On March 21st, 2015, a group of marine scientists along with the help of Scubafish dive teams and volunteers will release 200 Western Clownfish into the Ko Haa Lagoon.
The Clownfish Release Project is generously funded by the owner of Pimalai Resort and Spa, Khun Anurat Tiyaphorn. The actual research is lead by Dr. Thorn Thamrongnawasawat, Head of the Department of Marine Sciences at Kasetsart University and supported by the Thai Department of Fisheries.
This year The Clownfish Release is on Saturday 22nd March 2014 and Scubafish are delighted to be supporting ‘The Clownfish Release Project 2014,’ organised by Pimalai Resort and Spa.
The event will be held at the beautiful islands of Ko Haa. It will be slightly different this year, as the Clownfish are going to be released at Ko Haa Lagoon and unlike previous years, they will be released into shallower waters. They will be released at a depth of 5 metres to allow participants who are non-divers to view all of the action.
The Clownfish Release Video 2013 event took place on 30th March 2013 onboard MY Pimalai 8, MV Maya 2 and MV Moskito.
This year marks the ninth year that leading Thailand marine scientist Dr. Thon Thamrongnawasawat, Head of the Department of Marine Sciences at Kasetsart University and his team of marine scientists have volunteered their expertise to assist in the Clownfish Release Project which is supported by the Thai Department of Fisheries.
Scubafish are excited to be supporting ‘The Clownfish Release Project 2013,’ organised by Pimalai Resort and Spa. The event will be held on the 30th March 2013 at Ko Haa and will be the 9th year that the project has taken place.
The Clownfish Release Project is generously funded by Khun Anurat Tiyaphorn, the owner of Pimalai Resort and Spa. The research is headed by Dr. Thorn Thamrongnawasawat, Head of the Department of Marine Sciences at Kasetsart University and his team of marine scientists, and is supported by the Thai Department of Fisheries.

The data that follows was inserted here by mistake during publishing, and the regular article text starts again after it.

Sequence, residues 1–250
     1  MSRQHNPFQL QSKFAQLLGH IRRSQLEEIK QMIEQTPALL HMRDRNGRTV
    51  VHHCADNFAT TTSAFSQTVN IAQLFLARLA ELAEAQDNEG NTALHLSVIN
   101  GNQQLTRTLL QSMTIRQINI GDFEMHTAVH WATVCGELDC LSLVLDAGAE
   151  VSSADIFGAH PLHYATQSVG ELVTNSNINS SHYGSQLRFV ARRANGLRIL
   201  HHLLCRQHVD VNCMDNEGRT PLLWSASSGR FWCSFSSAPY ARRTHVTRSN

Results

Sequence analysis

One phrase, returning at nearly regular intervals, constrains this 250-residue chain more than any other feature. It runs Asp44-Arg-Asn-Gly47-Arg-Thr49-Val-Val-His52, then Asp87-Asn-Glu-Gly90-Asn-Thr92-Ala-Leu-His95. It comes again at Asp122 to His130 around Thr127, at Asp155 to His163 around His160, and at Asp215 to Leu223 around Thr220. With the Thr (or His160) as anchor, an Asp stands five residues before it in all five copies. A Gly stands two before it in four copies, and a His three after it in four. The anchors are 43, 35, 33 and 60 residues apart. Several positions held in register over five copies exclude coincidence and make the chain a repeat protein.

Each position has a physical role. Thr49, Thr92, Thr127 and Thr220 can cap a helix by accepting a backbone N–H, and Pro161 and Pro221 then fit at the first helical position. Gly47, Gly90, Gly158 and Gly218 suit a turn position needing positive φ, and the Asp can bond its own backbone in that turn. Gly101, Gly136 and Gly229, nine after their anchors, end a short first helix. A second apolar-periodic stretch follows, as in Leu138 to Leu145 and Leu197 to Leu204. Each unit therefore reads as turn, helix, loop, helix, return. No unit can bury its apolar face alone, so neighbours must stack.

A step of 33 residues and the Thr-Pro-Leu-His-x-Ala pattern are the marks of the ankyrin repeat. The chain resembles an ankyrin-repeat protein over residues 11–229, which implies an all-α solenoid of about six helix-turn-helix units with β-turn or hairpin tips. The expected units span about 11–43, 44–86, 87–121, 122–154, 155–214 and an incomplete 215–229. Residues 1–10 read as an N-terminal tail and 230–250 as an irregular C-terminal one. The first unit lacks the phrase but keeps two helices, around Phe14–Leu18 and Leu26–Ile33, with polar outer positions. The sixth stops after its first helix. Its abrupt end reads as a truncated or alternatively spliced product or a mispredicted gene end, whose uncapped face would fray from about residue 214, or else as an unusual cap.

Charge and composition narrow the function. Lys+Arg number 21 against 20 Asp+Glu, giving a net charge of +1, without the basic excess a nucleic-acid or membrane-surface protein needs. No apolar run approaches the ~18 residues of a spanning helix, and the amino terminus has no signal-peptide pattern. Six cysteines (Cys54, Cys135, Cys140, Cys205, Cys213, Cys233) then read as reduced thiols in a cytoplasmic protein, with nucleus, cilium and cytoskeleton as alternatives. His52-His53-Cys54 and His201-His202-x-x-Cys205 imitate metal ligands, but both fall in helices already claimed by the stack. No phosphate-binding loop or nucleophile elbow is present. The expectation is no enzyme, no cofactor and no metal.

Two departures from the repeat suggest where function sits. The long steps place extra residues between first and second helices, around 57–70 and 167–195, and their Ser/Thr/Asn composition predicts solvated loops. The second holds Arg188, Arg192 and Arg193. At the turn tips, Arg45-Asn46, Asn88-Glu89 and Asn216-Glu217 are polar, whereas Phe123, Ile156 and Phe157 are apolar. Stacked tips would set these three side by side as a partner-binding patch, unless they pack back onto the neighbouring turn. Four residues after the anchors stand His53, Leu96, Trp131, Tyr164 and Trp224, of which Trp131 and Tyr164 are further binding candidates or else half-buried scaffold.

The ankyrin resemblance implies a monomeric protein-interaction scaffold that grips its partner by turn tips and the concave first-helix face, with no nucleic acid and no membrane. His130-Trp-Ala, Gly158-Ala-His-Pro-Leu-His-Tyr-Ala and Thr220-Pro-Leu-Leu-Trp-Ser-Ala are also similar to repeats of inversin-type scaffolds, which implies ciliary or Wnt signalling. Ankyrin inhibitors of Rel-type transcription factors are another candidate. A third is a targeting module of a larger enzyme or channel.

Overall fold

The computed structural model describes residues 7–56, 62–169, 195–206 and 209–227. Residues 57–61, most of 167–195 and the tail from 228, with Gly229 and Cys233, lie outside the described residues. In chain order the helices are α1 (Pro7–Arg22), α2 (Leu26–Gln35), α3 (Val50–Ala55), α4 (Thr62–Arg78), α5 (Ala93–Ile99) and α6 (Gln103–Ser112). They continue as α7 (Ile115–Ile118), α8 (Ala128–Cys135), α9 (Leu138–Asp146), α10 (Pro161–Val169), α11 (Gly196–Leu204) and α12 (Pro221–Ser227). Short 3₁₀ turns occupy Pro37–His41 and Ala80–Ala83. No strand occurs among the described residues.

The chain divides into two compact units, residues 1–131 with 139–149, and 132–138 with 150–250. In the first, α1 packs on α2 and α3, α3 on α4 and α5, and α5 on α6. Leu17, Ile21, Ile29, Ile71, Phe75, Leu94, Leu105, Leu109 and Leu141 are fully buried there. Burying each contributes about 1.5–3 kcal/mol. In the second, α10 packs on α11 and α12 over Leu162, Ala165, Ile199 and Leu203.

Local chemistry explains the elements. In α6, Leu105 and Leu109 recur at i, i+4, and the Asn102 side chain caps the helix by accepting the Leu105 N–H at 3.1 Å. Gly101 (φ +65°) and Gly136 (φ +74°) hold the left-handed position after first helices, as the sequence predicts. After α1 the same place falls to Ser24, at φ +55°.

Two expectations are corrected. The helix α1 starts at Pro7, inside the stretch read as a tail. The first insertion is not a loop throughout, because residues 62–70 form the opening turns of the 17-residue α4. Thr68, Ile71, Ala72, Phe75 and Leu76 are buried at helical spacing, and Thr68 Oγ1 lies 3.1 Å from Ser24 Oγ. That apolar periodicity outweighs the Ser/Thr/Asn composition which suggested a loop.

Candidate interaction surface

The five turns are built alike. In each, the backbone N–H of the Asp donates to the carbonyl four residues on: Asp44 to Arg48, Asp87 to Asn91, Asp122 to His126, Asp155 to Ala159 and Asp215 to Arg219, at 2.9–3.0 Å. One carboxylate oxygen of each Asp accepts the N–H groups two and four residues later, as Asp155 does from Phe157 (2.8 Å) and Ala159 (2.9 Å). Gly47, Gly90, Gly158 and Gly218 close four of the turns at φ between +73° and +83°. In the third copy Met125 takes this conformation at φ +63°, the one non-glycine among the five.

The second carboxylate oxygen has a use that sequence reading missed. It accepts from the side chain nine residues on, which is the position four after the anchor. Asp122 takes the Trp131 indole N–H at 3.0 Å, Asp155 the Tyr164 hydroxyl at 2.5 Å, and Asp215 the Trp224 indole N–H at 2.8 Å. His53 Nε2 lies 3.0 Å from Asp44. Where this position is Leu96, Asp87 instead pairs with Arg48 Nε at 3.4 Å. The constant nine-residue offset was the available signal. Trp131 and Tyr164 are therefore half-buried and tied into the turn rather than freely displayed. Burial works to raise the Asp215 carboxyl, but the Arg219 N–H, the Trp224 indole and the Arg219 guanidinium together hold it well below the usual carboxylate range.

Scubafish is participating in several events this year as part of the 2008 International Clean Up Day Activities in association with Project AWARE, Greenfins, Green World Foundation and local school children from 7 schools in Ko Lanta.
Ko Lanta is a fairly unusual island in this area, in that it does not have a coral reef around the island. Here in Kantiang Bay, in the South of Ko Lanta, we are one of the only beaches on the island to have any coral reef growth.
Ko Lanta might be famous for its close proximity to the legendary dive sites of Hin Daeng & Hin Muang, and the beauty of Ko Haa, but there is an intrigueing abundance of wildlife much closer to the island’s own shores, a virtual Macro-Paradise in Kantiang Bay.
Recently a friend and I decided to strap on a couple of tanks and dive the house reef at Kantiang Bay on the south west of Ko Lanta. We geared up and swam out from the beach about 100 yards sticking to the North Western coastline.
It was my second dive on the House Reef at Kan Tiang Bay and I was on a mission to spot a robust ghost pipefish in the muck of the bay. We set off at 11.30 am and blessed with the high tide we managed to swim easily all the way around the right hand…